Trending Restaurant Practices



There's nothing new about restaurants integrating fresh ideas into their business practices. However, implementations such as, mobile payment, has been picking up steam in the restaurant world. Owners are realizing what their customers desire, like convenience and transparency, and giving them what they want.

Here are the latest trends that are growing in popularity:

#1: Mobile Payment

Quick service giants, Burger King and Subway, contracted with third-party tech developers in July to add a mobile payment function to their respective apps. It has been hugely successful for Panera Bread. CEO Ron Shaich said the new addition has led Panera Bread to having the largest percentage of high-margin digital sales in any other category, besides the pizza segment.

#2: Transparent Wait Times

Patrons are never happy with waiting for a seat, but what irks them even more is when they don't know when a table will free up. Results from a survey conducted by OpenTable shared that 85 percent of consumers said they wished they could learn the wait time for a table before heading to a restaurant. 83 percent said they would have liked to been able to put their names down on a waitlist remotely.

#3: Digital Orders

With the growth of food and delivery apps, restaurants are receiving a higher volume of digital orders. On top of the regular in-house orders, it can lead to 'throttling', or an overload in the system. There is only a certain amount of tickets a restaurant kitchen and its staff can take. Software developers have created a solution. Apps are now smart enough to know whether or not the back-of-house staff can handle additional orders. Problems with customers who are upset about bad orders and wait times have decreased considerably.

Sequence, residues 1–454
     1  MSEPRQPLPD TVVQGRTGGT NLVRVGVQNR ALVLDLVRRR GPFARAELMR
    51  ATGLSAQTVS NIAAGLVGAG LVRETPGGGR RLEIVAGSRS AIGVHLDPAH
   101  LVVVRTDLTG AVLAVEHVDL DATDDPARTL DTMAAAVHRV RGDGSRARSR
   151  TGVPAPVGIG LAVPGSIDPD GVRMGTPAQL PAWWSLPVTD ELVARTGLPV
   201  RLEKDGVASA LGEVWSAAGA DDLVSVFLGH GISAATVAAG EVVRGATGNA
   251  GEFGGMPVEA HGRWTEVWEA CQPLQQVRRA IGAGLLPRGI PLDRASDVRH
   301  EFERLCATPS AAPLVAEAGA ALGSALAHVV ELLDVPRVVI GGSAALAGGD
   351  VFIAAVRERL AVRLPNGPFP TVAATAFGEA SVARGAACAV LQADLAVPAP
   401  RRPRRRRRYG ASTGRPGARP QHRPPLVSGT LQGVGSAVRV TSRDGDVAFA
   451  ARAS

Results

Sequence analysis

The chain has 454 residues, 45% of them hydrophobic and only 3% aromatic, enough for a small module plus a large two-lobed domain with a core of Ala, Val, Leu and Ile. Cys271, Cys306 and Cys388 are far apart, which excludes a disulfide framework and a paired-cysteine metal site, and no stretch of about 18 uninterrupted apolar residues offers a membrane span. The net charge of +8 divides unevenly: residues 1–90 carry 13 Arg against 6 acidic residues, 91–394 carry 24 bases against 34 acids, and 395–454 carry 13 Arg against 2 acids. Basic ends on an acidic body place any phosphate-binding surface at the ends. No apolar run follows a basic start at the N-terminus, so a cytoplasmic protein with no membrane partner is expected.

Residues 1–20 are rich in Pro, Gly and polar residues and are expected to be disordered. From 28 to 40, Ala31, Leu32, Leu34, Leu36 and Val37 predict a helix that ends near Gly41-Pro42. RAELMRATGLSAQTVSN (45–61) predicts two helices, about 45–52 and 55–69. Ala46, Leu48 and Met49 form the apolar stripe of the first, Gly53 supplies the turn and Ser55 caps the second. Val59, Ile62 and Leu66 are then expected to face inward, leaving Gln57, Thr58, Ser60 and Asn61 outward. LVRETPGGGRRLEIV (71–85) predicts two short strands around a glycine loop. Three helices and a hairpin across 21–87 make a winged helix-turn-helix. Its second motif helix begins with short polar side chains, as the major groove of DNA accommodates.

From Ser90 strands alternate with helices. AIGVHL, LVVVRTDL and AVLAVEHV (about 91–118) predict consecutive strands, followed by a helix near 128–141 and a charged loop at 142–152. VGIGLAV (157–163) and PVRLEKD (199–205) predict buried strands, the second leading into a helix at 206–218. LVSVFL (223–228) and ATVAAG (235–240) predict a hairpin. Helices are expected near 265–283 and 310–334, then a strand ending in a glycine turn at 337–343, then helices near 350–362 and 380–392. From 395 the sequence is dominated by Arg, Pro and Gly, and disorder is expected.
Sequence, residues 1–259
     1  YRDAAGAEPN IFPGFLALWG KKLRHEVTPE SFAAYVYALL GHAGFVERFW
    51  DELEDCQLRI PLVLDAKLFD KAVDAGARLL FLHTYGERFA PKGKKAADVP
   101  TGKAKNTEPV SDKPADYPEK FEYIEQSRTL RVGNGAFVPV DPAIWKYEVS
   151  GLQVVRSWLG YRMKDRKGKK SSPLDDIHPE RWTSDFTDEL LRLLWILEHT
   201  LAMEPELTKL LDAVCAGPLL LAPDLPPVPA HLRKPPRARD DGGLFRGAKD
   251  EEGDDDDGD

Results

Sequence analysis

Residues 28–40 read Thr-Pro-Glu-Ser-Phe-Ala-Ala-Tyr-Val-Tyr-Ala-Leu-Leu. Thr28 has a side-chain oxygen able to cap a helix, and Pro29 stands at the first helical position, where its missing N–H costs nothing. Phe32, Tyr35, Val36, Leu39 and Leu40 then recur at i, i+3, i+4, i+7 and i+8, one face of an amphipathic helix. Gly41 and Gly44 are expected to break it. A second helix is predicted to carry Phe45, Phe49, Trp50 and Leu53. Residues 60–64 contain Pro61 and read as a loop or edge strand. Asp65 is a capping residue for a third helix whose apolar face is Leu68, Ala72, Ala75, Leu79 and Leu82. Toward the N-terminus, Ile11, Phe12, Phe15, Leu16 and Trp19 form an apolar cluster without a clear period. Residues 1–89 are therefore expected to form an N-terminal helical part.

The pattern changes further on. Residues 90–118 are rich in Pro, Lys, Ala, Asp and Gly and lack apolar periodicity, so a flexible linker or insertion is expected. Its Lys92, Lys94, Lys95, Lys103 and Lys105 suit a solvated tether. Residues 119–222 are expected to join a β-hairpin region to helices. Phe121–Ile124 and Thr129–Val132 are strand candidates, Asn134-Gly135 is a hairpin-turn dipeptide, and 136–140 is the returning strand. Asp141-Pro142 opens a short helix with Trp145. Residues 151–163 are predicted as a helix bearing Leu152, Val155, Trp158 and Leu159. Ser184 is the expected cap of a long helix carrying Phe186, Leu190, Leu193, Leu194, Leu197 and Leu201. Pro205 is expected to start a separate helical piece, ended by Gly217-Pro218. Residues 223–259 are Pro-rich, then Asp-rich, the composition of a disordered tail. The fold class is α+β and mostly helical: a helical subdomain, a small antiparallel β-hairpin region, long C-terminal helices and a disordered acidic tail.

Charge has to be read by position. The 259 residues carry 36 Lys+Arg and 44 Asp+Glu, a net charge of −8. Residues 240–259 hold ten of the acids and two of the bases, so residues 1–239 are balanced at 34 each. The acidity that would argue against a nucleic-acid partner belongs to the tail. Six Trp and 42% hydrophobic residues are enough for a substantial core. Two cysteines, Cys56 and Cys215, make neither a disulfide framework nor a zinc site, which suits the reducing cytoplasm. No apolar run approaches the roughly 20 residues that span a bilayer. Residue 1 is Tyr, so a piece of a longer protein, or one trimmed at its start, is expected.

(via Restaurant Business Online)

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Talented Chefs Leaving the Big Cities



A year ago, Gavin Kaysen left his executive chef position at Café Boulud in New York City. He packed up his bags, and headed back to his hometown of Minneapolis, where he set up his own restaurant, Spoon and Stable.

Kaysen says one of the advantages of opening a restaurant back home is being closer to his support system. He happily shares that he gets to spend more time with his family and children.

Another plus was the space. Kaysen found an office building that was originally an old horse stable, and thought it had lots of potential and charm. Construction started in early May and Kaysen was able to have a grand opening on November 16th. Putting together a restaurant in the short span of only six months was an amazing feat.

In addition, Kaysen notes that Minneapolis is an agricultural haven. He has been forming relationships with countless local farmers and producers.

Kaysen thinks the talent has been leaving big cities, like New York, Los Angeles and Chicago, because chefs are embracing the old European restaurant concept again. He mentions how Michelin was initially created to expose the small, out-of-the-way shops to people and tourists.

He states that there no denying that metropolitan cities push out excellent food and chef talent. However, he points out how that it's not the locality that makes a great chef. Kaysen says, "I still believe if you cook really good food, and you create beautiful hospitality and great service, people will find you."

Kaysen finds it extremely humbling when patrons are lining out the door for a seat in his restaurant, especially since it is in Minneapolis. He is excited to see Minneapolis being a game changer to the culinary world.

(via Grub Street)

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